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This is a discussion on Chrome selects wrong thread for JS-Java upcall on 2nd(ish) Applet instance within the Bugs and Vulnerabilities section, part of the Google Chrome category: Hi, This is directly related to "fix" for SDN Bug ID 6742814: - http://bugs.sun.com/bugdatabase/view...bug_id=6742814 A couple of relevant-sounding quotes from ...

  1. #1
    Richard Maher is offline Junior Member
    Join Date
    Oct 2010

    Exclamation Chrome selects wrong thread for JS-Java upcall on 2nd(ish) Applet instance


    This is directly related to "fix" for SDN Bug ID 6742814: -

    A couple of relevant-sounding quotes from that bug report : -
    The rules for initiating JavaScript-to-Java and Java-to-JavaScript
    calls (which will be formalized in the forthcoming new LiveConnect
    specification) are:

    - JavaScript-to-Java calls against a given applet block until that
    applet has completed init(), or

    - that applet initiates a Java-to-JavaScript call in init().

    The definition of "initiates a Java-to-JavaScript" in that last line appears
    to have been further broadened and amplified to include: -
    - If a request comes to the browser from an applet to fetch the
    JavaScript window object corresponding to the applet, drain the
    queued up messages corresponding to JavaScript-to-Java calls,
    which would otherwise occur when init() was completed.

    This was raised as an issue for me in comp.lang.java on the 22-April-2009
    and Mark Space kindly pointed out that the addition of "synchronized" to the
    relevant Applet methods would achieve the desired results, with the worker
    methods only being invoked after the Applet had completed its initialization
    in the init() method. So everything was peachy until I found that Google
    Chrome can, and often does, choose the wrong thread to execute the JS to
    Java upcall when dealing with more than one instance of the Applet in the
    browser instance. (Different tabs in my case)

    You may recall that my Javascript to invoke the Applet looked like this: -

    tier3Chan = document.getElementById(appletId);
    var userAuthorized = tier3Chan.isAuthorized();
    catch(err) {
    alert("Err =" + err.description);
    tier3Chan = null;

    What "normally" happens (Firefox, IE, Chrome-[with-Applet-Instance/Tab-1])
    is that: -

    1) The "getElementById(appletId)" loads the Applet and calls init() in a
    thread the JVM calls: -
    "thread applet-tier3Client/Tier3Application-1"
    My package is "tier3Client" and the class is "Tier3Application" and the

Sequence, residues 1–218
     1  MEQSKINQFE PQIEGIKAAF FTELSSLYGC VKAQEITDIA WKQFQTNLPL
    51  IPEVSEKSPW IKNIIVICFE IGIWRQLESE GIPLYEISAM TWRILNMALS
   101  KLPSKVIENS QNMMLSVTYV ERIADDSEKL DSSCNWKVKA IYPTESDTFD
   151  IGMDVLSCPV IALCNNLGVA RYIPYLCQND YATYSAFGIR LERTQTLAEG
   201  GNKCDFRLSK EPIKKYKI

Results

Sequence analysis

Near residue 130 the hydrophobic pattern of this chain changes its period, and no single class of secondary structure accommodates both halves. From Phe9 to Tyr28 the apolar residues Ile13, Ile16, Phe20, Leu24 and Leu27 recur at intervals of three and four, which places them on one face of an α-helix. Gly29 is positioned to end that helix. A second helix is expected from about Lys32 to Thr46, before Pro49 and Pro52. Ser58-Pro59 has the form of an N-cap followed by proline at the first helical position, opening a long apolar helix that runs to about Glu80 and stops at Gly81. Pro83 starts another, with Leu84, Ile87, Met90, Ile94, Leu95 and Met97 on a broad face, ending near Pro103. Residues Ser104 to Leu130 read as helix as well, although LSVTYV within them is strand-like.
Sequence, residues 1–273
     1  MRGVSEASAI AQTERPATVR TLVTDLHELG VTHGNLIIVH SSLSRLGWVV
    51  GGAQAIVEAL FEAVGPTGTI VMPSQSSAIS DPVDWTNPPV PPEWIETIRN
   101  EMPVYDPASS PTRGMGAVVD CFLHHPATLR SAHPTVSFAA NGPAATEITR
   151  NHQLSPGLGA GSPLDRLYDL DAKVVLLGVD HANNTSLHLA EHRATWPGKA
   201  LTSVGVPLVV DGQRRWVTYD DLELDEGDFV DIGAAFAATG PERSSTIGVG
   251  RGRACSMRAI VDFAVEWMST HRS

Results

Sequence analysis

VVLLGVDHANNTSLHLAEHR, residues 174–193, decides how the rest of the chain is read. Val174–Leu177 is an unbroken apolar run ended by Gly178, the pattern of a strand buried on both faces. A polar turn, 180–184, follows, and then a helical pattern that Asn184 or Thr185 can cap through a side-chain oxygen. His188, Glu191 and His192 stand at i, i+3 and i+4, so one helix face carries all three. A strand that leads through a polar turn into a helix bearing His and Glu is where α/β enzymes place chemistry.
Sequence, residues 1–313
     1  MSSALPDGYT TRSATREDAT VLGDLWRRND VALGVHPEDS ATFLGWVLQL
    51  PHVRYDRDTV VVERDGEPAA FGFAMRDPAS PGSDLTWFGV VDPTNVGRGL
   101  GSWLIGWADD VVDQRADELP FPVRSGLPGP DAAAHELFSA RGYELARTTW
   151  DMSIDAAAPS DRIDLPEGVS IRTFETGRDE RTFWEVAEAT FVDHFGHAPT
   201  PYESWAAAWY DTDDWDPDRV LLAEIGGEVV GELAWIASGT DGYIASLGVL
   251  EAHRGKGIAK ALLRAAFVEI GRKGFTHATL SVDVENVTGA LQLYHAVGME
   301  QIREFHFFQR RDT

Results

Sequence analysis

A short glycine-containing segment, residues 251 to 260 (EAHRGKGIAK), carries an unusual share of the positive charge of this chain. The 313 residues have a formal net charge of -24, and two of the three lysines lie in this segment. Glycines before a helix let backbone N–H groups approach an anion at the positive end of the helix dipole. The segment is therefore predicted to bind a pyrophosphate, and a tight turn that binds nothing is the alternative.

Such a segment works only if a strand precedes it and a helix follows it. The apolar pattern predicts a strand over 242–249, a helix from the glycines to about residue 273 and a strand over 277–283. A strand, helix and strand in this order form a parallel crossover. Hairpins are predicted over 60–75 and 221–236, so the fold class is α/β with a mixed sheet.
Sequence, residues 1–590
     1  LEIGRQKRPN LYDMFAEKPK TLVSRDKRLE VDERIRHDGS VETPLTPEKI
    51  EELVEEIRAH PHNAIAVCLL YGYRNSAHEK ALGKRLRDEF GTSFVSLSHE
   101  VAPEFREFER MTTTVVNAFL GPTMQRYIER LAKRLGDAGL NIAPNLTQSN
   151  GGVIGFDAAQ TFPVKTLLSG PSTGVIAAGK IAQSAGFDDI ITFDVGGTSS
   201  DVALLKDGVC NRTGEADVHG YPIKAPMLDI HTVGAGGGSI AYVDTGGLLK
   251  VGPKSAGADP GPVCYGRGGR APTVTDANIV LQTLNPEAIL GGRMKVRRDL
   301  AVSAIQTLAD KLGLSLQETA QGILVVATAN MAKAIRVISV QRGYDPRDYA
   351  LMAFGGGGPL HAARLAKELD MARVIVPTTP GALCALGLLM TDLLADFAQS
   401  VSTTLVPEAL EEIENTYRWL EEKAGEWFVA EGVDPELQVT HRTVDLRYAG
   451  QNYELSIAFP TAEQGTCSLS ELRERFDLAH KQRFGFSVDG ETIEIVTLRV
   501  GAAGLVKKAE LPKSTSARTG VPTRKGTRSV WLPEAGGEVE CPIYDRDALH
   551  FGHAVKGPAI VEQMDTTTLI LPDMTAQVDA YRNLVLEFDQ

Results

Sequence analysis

applet instance is "1".
    2) The tier3Chan.isAuthorized() method (JS->JAVA upcall) is executed on a
    new LiveConnect thread called: -
    "Applet 1 LiveConnect Worker Thread"
    Again the "1" relating to the applet instance in the browser. When the
    applet is loaded again via pages in other tabs the instance number is
    incremented and new threads created.
    3) I also instantiate another Thread that can call down to JS but I don't
    believe that to be relevant at this stage.
    4) When my init() method calls JSObject.getWindow(this) Chrome seeks to
    "drain the queued up messages corresponding to JavaScript-to-Java calls,
    which would otherwise occur when init() was completed" and my isAuthorized()
    method is invoked on the "Applet 1 LiveConnect Worker Thread".
    5) Because both my overridden init() method and my isAuthorized() methods
    are synchronized on the Applet instance's object, the isAuthorized() method
    is forced to wait until initialization is complete and authorization has
    been checked.

    A tad complicated but it worked and I was happy with it.

    What appears to go wrong with Chrome on the 2nd -(usually the 2nd but then
    it might work/fail for additional tabs - the first page always works)- tab
    with an applet invoking page is that the isAuthorized() upcall gets executed
    on the "thread applet-tier3Client/Tier3Application-2" Thread. The same
    Thread that init() was/is executing on!!!

    Now my understanding of the Java threading model is that, to support
    recursion, a Thread cannot lock/mutex/synchronize itself out of an object.
    So my "synchronized" init() and isAuthorized() methods on the Applet 2
    instance don't amount to a hill o' beans and my authorization check occurs
    *before* I've determined if the user is authorized and I've had a chance to
    set the variable :-(

    To summarize, Chrome has a bug where it can permit an upcall to execute on
    the "thread applet-tier3Client/Tier3Application-(n)" thread instead of the
    "Applet (n) LiveConnect Worker Thread". Try as I might I cannot create a